Quality Assurance Procedures in Non-Obstetric Diagnostic Ultrasound: A Study of the Reliability of Current Methods.
Thesis or dissertation
University of Exeter
Introduction This study aimed to address some of the issues and inconsistencies around clinical quality assurance mechanisms in (non-obstetric) diagnostic medical ultrasound. Quality assurance and resultant quality improvement in this field is sporadic with a plethora of different methodologies, techniques and quality assurance measurements tools. The evidence-base upon which programs are designed is weak with little high quality primary research in this subject area. This study aimed to clarify some of the uncertainties around clinical quality assurance mechanisms in this field of medical imaging. Methodology A website was created which allowed the retrospective review of ultrasound imaging and clinical reports to be undertaken on-line. Clinical ultrasound cases were selected which covered a wide spectrum of clinical quality and these cases were uploaded onto this site. Study participants were ultrasound practitioners invited from several professional backgrounds and levels of clinical experience who reviewed this imaging and scored the ultrasound examinations using several different quality assessment tools. The on-line method of image dissemination facilitated a geographically diverse group of ultrasound practitioners to evaluate the same imaging and clinical reports using the quality assurance measurement tools provided. Outcome measurements included degree of inter-rater agreement between participants for each quality assessment tool. Systematic differences between different reviewers were also assessed. Participants were given the opportunity to leave comments regarding the imaging that they had reviewed on the website if they wished. The content and tone of these comments was also analysed. Results The inter-rater agreement was classed as ‘fair’ for all the quality assurance tools under investigation. There was no significant difference between any of the quality measurement tools in terms of inter-rater agreement. Correlation between tools was good. There were weak systematic differences found between reviewers. Practitioners of more clinical experience rated image quality more highly than those of lesser clinical experience. Practitioners of lower clinical grade tended to rate the quality of clinical report more highly than those of a higher clinical grade. Participant comments were evenly divided between comments on clinical technique and comments on the quality of the written report. An ultrasound specialist judged that ‘expert-group’ participants were more likely to give constructive comments than a ‘peer-group’ of reviewers, but this finding was not confirmed when the comments were analysed by a non-specialist in clinical ultrasound. Overall, there were slightly more constructive comments than non-constructive, but a large proportion of the comments were judged to be non-constructive in nature. Conclusions The study demonstrated significant inter-rater variation in quality assessment of diagnostic ultrasound which is probably inherent within the imaging modality itself. Efforts should be directed to managing this variation rather than attempting to eradicate it. There are some systematic differences between study participants but there was insufficient data to accurately model the precise systematic effects of different participant characteristics and this requires further research with a larger cohort of study participants. There is scope to improve the quality of feedback to ultrasound practitioners, particularly when this is subjective in nature to maximise the probability of this resulting in positive subsequent change. Formal tuition in the theory and practice of giving feedback should be available to all staff undertaking quality assurance work, irrespective of their degree of expertise, clinical grade or clinical experience. Recommendations for Clinical Practice. The following clinical recommendations have been made, based on the evidence gained from this study; • Quality assurance of non-obstetric ultrasound examinations should ideally be undertaken by those of a higher clinical grade than those undertaking the work being appraised. Peer audit may be acceptable providing there is effective oversight by a senior clinical practitioner. • The use of a single, expert reviewer in diagnostic ultrasound does not provide adequate assurance in terms of inter-rater reliability and therefore should not be used. A quality assurance program based on retrospective assessment of ultrasound imaging and clinical reporting should be undertaken by several reviewers to buffer against the effects of inter-reviewer variation. • Use of the internet provides great advantages in terms of overcoming logistical difficulties in undertaking quality assurance in ultrasound, particularly when undertaken by an external reviewer. However, individual feedback should be given to ultrasound practitioners face-to-face by the senior practitioner responsible for the quality assurance program. • Those undertaking quality assurance work, regardless of clinical grade and expertise should receive formal training in giving feedback in a constructive fashion. The purpose is to maximise the potential for this feedback to lead to improved clinical standards and outcomes for patients. • There is currently no primary research evidence to favour one quality assurance tool over another. Quality assurance tool selection may therefore be done at an individual ultrasound unit level. In selection of a quality assurance tool, ultrasound units should consider which tool best reflects the individual requirements and workload of that unit.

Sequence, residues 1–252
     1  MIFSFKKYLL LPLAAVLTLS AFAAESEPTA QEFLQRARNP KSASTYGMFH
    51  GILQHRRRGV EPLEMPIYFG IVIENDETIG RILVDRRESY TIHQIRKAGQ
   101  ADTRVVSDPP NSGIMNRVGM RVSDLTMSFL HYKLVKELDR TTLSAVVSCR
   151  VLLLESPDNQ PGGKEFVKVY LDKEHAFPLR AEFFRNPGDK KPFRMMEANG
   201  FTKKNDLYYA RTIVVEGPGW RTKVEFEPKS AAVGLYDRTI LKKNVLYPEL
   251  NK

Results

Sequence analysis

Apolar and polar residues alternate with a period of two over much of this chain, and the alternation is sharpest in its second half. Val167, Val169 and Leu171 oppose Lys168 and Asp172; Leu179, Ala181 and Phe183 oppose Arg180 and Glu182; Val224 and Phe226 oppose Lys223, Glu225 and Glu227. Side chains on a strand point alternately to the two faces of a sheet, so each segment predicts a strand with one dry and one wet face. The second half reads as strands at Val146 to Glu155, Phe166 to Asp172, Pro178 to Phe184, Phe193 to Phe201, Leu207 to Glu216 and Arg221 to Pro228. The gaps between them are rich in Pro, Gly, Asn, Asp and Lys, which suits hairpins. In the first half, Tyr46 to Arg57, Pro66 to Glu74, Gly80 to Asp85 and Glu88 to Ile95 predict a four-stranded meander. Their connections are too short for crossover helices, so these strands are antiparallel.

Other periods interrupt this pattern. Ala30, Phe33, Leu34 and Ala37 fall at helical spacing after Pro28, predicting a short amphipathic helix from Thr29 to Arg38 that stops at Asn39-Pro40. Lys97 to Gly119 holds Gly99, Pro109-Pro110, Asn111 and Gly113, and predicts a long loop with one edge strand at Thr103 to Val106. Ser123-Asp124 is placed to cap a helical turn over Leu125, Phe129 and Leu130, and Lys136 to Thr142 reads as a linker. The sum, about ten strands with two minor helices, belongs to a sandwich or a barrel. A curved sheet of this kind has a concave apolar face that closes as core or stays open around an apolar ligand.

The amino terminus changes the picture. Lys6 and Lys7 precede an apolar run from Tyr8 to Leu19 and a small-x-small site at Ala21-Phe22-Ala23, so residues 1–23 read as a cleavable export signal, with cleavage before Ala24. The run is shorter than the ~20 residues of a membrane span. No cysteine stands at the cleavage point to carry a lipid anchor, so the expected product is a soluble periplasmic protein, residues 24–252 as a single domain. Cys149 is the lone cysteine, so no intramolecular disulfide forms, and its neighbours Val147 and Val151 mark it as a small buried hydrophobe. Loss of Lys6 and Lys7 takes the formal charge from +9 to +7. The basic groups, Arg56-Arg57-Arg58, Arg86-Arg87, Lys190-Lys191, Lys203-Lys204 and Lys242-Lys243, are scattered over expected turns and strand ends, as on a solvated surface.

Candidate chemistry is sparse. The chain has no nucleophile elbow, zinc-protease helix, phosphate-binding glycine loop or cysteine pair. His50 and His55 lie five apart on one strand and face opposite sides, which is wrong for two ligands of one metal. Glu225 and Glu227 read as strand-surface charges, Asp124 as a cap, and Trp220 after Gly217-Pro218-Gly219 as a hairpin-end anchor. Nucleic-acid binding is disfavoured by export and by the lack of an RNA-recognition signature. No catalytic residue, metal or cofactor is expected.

Plymouth Hospitals NHS Trust
Doctor of Clinical Research